3. Where there is prejudicial error in a jury instruction that affects one of the elements of the crime charged, the fourth prong of the plain error test will almost always be satisfied.

 

 

News You Can Use: SCOTUS grants cert in Haymond — why that might matter to your clients facing revocation of supervised release in the Tenth Circuit

The Supreme Court has granted certiorari in United States v. Haymond, in which the Tenth Circuit struck down as unconstitutional 18 U.S.C. § 3583(k)’s provision requiring a mandatory minimum of five years of imprisonment following revocation of supervised release based on certain sex crimes.

Generally, a defendant faces a supervised release term of no more than 5 years, and upon revocation for a violation, a term of imprisonment of no more than 5 years. That’s where the underlying offense of conviction is a class A felony. The potential penalties are progressively less severe for less serious offenses.

However, 18 U.S.C. § 3583(k) carves out a special, and especially extreme, exception for certain sex offenses and revocations based on the commission of new sex offenses—a supervised release term of 5 years to life, and upon revocation, a term of imprisonment of 5 years to life. So, what is usually the ceiling (a 5-year max for class A felonies) becomes the floor (a mandatory minimum of 5 years for certain sex offenses).

In Haymond, the Tenth Circuit held that the mandatory minimum of five years of imprisonment is unconstitutional because it changes the mandatory sentencing range based on a court’s finding by a preponderance of the evidence, instead of a jury’s finding beyond a reasonable doubt.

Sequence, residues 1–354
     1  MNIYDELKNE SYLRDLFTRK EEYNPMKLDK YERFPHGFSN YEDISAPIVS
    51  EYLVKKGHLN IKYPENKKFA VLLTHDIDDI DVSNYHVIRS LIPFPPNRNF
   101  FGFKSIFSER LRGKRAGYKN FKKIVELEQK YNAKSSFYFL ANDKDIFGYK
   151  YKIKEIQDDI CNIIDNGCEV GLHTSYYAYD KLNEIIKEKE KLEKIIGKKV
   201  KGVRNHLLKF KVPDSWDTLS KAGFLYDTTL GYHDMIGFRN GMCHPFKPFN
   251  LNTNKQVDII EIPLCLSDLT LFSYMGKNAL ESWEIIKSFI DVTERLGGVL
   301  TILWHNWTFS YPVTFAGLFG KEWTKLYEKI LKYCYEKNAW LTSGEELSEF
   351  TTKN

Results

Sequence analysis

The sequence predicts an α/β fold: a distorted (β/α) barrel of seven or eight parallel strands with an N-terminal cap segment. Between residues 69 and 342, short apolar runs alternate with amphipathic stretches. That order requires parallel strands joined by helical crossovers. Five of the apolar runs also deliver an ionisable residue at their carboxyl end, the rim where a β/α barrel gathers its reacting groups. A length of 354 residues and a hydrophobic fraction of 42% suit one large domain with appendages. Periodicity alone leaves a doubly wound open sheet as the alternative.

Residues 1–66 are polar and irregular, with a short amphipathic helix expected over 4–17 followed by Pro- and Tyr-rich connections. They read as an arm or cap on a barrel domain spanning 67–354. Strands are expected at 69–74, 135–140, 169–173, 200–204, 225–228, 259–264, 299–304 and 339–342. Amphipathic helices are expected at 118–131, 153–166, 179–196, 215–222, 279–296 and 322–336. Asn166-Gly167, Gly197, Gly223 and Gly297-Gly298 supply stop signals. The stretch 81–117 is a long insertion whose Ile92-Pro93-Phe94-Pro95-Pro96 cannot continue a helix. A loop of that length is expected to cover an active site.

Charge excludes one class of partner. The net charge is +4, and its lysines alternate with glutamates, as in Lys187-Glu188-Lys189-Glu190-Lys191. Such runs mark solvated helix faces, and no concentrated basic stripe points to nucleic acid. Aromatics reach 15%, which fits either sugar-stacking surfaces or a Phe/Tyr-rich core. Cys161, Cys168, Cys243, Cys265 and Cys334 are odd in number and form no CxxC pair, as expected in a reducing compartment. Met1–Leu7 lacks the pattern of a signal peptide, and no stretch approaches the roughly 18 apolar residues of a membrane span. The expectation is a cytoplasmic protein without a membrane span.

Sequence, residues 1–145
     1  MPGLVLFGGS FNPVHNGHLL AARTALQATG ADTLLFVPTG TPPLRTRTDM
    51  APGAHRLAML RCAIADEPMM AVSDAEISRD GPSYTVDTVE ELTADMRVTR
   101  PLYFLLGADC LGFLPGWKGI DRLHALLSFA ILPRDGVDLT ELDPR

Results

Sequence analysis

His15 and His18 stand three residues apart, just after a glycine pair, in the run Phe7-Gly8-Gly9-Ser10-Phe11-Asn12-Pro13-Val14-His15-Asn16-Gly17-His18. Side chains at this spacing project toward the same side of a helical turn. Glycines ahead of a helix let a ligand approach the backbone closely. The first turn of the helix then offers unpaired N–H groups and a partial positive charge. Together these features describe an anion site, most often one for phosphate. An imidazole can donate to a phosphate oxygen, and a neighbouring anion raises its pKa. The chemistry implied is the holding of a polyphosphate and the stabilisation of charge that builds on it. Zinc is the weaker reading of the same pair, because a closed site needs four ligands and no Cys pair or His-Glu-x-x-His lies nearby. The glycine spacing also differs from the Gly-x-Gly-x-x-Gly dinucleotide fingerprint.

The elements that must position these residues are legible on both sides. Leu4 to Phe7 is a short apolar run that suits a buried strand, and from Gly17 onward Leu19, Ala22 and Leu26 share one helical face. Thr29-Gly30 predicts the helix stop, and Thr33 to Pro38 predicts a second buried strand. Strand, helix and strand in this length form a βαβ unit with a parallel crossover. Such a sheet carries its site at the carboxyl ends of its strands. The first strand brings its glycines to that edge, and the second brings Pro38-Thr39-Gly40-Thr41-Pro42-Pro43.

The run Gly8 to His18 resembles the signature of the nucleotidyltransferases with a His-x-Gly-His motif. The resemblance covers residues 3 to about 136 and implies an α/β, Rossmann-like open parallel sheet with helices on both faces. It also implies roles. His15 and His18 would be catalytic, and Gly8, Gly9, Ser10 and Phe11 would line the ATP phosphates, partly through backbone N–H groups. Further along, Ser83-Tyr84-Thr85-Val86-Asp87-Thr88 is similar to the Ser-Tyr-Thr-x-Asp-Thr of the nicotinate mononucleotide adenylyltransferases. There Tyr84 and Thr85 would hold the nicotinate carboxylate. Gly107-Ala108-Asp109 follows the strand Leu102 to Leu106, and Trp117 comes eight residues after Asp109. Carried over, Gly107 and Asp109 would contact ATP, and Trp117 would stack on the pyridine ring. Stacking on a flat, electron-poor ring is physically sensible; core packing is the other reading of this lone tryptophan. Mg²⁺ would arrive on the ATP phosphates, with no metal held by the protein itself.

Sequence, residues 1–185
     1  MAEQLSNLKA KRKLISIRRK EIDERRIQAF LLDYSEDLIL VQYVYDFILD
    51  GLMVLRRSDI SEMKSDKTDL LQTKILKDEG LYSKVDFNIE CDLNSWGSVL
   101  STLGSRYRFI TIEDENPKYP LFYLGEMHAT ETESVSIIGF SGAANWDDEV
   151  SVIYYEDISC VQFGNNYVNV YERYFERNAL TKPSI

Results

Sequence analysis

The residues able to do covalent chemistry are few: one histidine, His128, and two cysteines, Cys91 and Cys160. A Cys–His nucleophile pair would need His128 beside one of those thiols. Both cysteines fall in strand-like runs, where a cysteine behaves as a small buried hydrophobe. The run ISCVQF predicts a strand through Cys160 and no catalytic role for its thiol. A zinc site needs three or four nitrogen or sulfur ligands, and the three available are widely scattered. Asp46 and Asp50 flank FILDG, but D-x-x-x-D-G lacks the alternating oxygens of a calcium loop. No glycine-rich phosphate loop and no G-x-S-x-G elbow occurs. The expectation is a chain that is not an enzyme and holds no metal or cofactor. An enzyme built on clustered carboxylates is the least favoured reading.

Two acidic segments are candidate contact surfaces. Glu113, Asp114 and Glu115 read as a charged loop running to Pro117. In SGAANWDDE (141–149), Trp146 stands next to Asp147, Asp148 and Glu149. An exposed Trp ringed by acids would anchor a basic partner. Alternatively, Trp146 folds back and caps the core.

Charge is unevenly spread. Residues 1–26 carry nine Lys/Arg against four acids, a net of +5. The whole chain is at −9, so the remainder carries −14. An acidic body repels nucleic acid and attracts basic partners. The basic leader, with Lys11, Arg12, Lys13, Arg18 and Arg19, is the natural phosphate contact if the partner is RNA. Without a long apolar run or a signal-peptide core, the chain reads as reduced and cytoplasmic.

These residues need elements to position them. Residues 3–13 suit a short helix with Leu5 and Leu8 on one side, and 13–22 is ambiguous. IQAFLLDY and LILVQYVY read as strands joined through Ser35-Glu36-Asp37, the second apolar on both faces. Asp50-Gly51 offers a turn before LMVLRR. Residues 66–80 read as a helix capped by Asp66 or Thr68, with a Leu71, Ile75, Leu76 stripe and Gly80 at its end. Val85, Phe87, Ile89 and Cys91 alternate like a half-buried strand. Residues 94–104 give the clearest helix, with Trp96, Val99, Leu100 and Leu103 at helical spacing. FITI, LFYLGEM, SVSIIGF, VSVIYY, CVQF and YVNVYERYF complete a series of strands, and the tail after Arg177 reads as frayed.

In so holding, the Court primarily relied on a trio of Supreme Court cases: (1) Apprendi, which held that any fact that increases the stat max must be submitted to a jury and proven beyond a reasonable doubt; (2) Alleyne, which applied Apprendi to mandatory minimums; and (3) Booker, which extended the substance of these 6th Amendment principals to the sentencing context.

The government petitioned for certiorari, and the Supreme Court granted it, even though the Tenth Circuit is the only court to have even considered the issue (so, no circuit split; the government’s pitch was error correction on a “significant and recurring question of federal law”), and § 3583(k) does not appear to be a frequently invoked statute. That might not bode well for Haymond’s survival.

Takeaway: If you have a client facing revocation based on § 3583(k), or want to make an argument based on an extension of Haymond, move quickly. Do not let the government stay the proceedings pending resolution of Haymond in the Supreme Court. See Yong v. I.N.S., 208 F.3d 1116, 1119 n.2 (9th Cir. 2000) (“[O]nce a federal circuit court issues a decision, the district courts within that circuit are bound to follow it and have no authority to await a ruling by the Supreme Court before applying the circuit court’s decision as binding authority . . . .”).

 

News You Can Use: 2018 Amendments to the Sentencing Guidelines, Effective 11/1/2018